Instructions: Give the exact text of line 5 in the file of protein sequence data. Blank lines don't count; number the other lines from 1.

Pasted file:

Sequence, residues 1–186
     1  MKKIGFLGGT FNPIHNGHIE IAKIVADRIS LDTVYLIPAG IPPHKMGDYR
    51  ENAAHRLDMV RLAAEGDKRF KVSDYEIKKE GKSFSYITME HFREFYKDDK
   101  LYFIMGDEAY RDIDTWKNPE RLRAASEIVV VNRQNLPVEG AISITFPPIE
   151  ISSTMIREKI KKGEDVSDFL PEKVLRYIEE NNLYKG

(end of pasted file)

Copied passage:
   151  ISSTMIREKI KKGEDVSDFL PEKVLRYIEE NNLYKG